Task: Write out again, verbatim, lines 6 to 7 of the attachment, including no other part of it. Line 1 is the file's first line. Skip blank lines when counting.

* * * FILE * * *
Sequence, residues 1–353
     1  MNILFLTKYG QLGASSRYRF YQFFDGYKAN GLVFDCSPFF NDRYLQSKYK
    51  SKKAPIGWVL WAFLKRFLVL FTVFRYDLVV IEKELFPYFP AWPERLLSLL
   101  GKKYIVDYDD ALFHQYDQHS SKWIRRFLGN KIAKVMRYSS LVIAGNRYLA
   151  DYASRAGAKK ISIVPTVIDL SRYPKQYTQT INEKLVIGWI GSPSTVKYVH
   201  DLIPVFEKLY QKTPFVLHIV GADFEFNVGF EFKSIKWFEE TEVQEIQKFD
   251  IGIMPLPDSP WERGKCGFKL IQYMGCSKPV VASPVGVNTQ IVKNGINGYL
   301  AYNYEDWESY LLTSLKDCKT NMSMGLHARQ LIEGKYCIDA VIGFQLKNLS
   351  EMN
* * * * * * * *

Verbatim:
   201  DLIPVFEKLY QKTPFVLHIV GADFEFNVGF EFKSIKWFEE TEVQEIQKFD
   251  IGIMPLPDSP WERGKCGFKL IQYMGCSKPV VASPVGVNTQ IVKNGINGYL